STOP WORKING SO MUCH!
President Obama recommended that the US Department of Labor raise the amount an employer has to pay a worker without having to pay the worker overtime (x1.5 more that the standard wage) from $455/week up to $970/week.
The media is stating that this change “could make 5,000,000 more worker eligible for overtime.”
Business leaders warn that they will lower wages (unlikely). Jordan Weissmann at Slate predicts more lay-offs in the media as a result. The work of journalism, I think, is similar to organizing because individual projects have firm deadlines and the work that can be done leading up to the deadline is pretty much only limited to your creativity and by the amount of time that you can put into it. The completed project/report often leads to another, more ambitious project.
He views the results of this change from the employer’s stand point (Meanwhile, his compatriots at Salon.com just formed a union to improve their working environment and to protect themselves during corporate changes).
I don’t think this is the best way to think about it.
I think it is more accurate to say that this will “give 5 million workers their time back and will provide them the opportunity to get some more money if they have to lose some of their time.”
You see, a standard work week in our country is 40 hours per week.
Workers rights activists fought long and hard to win this fundamental protection. If your employer needs you to work more than 40 hours per week, then, the employer is required to may you 50% more for cutting into your personal time.
Sadly, Pres. Obama’s proposal drops protections for people earning around $50,000 per year. In other words, just as you have grabbed one of the lower rungs on the middle-class ladder, Uncle Sam hands your boss a hammer to bang your fingers with.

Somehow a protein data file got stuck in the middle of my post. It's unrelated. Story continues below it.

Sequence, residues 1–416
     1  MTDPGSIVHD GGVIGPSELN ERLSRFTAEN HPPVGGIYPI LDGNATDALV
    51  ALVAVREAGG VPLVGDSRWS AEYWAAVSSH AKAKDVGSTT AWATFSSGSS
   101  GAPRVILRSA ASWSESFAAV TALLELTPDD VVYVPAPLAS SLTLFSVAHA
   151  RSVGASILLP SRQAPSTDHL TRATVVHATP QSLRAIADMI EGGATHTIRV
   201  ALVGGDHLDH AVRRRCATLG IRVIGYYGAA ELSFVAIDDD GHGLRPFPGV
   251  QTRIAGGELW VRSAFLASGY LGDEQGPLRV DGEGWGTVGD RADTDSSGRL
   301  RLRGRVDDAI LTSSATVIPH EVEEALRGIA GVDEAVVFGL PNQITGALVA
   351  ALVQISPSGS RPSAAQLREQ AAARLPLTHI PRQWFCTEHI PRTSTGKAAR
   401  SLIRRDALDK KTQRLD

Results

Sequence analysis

Sadly, I see many professional organizers fall into the trap of voluntarily giving away their time while simultaneously weakening our workers rights in the process.
Many union and community organizers are salaried employees.
Most of us get the implied understanding that we should selfless servants to “the cause.”
Due to this, many of my fellow organizers regularly work 50 or 60 hour work weeks.
This is a recipe for burnout. I have been a professional in this field for 15 years. I am sad to report that I can only think of a small handful of colleagues who have made it this long.
There are many reasons for this of course, but among the main reasons people quit: being over-worked.
That is why I want to encourage you, organizer, or any worker for that matter, to think about the President’s proposal as not a wage proposal, but a time-protection proposal.
You have 40 hours that you (full-time worker) dedicate to earning wages, 40 hours to recreation, enjoyment and enrichment and 40 hours to rest.
In my last job, we were salaried and we were also protected by a union that I helped to form.
The union and the employer signed an agreement that we could get comp-time after 45 hours per week.
Both sides agreed to this, so I am not complaining, but I think that it is helpful think this through a little more.
Essentially, my employer expected me to donate about 10% of my wage back to them if I worked more than 40 hours per week. After that, they would give me hour back after 45 hours per week. For example, I could work 50 hours in one week and take off 5 hours of my work week the following week.
This wasn’t a bad agreement, but, it is actually a far cry from x1.5 rate that an hourly worker would get in the same situation. Actually, if I worked 50 hours that week, I was volunteering to reduce my own wage by 60% (since my time after 40 hours SHOULD be worth x1.5 or 15 hours off the following week).
Since, like many of you, I had a job to do and take much pride in my results or sometimes simply could not avoid working more than 40 hours per week.
If you regularly, as a salaried worker, work more than 40 hours for less than x1.5 your rate (traded for time off or for wages/benefits) your are volunteering to slash your own salary. You are also setting a precedent and expectation from your employer that your most valuable time is a bottomless resource for them to dip into.
Try to stick to the 40 hour per week rule and you will have a better, more sustainable, work life.